Last updated on December 2nd, 2011
“LEAVE THE GARDEN IN AUTUMN THE WAY YOU WANT TO FIND IT IN SPRING” is one of those quaint, homely slogans tossed around in old gardening books. It’s also the best possible advice for November. For every weed pulled and every clean-up operation completed before snow counts against the inevitable April bedlam (and April, at least for me, is pure bedlam):
Leaves. If you rake, shred, and compost these, you won’t have to buy expensive soil amendments (like peat moss) later on. I use shredded leaves in all of my gardens — they really are nature’s miracle.
Tulips, Hyacinths, and Daffodils. You can still set these out. I plant mine at least 8 inches deep, and then water them well to hasten root development before the soil freezes solidly. If squirrels are inclined to dig up your tulip bulbs, sprinkle the area with red pepper flakes.
Garlic. This is an autumn-planted bulb, too. Plant individual cloves 3 inches deep and about 6 inches apart.
Iris. Lightly mulch first year plantings after a hard freeze. Mature plantings don’t require protection.
Hellebores. Dig in a little bonemeal around the plants. Also, give them a top dressing of compost or shredded leaves.
Hostas. Cut back to the ground. Refrain, however, from dividing and transplanting at this time; you’ll have better success if you wait until spring.
Hoses, Faucets and Gutters. Store hoses in cellar or garage, drain faucets and clean out leaves from gutters. I hire out these last two jobs.
Driveways and Parking Areas. Insert markers while you can still pound them into the ground. Sturdy stakes with reflectors make good guides for snow removal, and keep most, if not all, thoughtless drivers from parking on lawns and beds.
Boxwood. If new plantings are of dubious hardiness, either cover them with burlap or spray them with WiltPruf. WiltPruf, an anti-transpirant, protects against both sun- and wind-burn. Hardy varieties like ‘Winter Gem’ (pictured above and below) need no protection at all.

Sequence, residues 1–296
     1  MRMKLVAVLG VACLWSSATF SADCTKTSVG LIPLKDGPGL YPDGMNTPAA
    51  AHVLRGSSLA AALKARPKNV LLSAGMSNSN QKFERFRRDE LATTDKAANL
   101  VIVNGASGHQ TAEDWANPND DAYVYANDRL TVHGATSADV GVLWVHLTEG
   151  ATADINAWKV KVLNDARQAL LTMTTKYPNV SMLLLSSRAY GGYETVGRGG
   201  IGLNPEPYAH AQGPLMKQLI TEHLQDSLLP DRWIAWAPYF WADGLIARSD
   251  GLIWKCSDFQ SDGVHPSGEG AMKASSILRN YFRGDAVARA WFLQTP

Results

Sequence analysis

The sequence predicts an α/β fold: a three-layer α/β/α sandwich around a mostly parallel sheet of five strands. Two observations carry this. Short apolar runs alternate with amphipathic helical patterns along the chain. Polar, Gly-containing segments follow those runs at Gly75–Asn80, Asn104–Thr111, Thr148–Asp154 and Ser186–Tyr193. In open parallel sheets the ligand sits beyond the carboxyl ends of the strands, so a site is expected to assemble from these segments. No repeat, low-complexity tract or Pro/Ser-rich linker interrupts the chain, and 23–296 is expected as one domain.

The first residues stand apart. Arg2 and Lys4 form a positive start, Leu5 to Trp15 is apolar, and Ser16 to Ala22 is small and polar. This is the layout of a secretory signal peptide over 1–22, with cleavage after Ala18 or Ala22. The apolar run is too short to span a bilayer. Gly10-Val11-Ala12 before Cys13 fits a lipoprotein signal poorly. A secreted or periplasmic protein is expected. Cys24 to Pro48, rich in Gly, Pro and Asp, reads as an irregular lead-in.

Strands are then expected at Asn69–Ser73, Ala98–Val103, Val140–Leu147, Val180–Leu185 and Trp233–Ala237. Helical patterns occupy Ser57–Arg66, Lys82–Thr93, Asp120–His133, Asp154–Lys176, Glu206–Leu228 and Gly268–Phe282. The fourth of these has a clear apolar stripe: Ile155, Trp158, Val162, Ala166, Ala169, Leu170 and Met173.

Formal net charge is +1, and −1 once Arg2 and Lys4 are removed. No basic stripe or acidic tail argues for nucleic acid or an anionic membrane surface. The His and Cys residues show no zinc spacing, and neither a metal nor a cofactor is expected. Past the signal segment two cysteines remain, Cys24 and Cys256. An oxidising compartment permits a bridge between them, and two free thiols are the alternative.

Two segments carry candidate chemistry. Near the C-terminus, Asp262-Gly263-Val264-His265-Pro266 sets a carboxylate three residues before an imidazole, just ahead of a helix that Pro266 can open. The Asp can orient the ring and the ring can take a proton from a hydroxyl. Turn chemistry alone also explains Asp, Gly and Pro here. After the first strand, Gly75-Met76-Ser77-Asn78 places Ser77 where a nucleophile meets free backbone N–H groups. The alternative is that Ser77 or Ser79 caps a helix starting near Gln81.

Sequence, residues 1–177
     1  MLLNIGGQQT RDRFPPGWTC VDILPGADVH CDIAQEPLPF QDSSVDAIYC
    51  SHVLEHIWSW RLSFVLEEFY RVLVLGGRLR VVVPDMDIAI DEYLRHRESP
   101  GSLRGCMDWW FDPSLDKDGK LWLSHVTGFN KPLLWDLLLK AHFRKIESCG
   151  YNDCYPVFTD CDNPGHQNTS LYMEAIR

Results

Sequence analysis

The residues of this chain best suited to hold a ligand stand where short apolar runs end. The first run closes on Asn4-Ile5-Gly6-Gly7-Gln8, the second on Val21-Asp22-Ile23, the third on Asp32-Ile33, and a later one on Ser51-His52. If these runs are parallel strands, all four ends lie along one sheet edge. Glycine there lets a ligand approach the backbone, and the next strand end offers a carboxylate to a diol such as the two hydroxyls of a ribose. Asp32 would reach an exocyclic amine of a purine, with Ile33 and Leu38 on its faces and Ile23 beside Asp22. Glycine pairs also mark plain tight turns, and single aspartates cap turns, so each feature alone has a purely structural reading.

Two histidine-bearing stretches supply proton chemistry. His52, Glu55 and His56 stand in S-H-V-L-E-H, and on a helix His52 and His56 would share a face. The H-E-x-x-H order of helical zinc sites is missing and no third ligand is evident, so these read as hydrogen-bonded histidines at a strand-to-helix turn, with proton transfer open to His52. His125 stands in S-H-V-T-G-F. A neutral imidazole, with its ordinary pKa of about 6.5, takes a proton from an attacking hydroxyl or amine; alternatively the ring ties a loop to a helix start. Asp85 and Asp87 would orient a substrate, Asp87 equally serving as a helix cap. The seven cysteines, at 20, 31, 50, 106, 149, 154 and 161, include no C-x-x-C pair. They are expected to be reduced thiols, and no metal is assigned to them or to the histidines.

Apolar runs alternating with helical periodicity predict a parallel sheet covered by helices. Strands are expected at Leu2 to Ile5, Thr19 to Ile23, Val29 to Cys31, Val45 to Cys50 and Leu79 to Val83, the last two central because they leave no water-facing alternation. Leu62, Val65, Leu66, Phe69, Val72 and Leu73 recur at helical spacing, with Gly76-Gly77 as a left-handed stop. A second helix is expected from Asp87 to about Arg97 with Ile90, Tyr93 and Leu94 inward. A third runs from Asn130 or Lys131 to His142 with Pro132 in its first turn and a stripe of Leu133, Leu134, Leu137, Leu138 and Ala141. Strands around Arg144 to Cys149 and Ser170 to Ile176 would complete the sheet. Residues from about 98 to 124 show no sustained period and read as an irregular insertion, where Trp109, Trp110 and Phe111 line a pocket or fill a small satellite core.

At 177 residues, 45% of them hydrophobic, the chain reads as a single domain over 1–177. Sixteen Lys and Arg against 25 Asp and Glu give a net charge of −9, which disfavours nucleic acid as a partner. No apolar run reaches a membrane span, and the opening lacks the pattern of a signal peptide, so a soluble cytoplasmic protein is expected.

Roses. If you live in zone 5 or colder, like I do, be prepared to work. Once the top two or three inches of soil has frozen, mound shredded leaves up a foot or more around plants. Cut only the most exuberant canes back to keep them from whipping around in the wind. Otherwise, do no pruning at all until spring.
Kitchen Garden. If soil has settled in raised beds, replenish now with compost, shredded leaves, or a mixture of equal parts manure, top soil and sand. Don’t dig the new material in; just leave it on top for further composting over winter.
Amaryllis. Why not treat yourself to one of the gorgeous, big-flowered King’s Court varieties? Start it out in a warm, dim spot, and water sparingly until growth is about 6 inches along. Then move to a cool, sunny place.
Bulbs. Potted or vased bulbs in cold storage need weekly checking for water. Don’t let roots dry out!
Thanksgiving Cactus. Mine is now fully in bud; perhaps yours is, too. Water and feed this Schlumbergera truncate weekly while it blooms.
English Ivy. Shower foliage weekly to avoid attacks of red spider and aphids.
Kalanchoe. For Christmas bloom, provide twelve to fourteen hours of darkness for three weeks before Christmas. I put this short-day plant in the dark guestroom closet from 8PM until 8AM.
Narcissus Paperwhites. Plant at mid-month for Christmas flowers.
N. Chinese Sacred Lily. For a yellow and white New Year’s bouquet, plant bulbs at mid-month.
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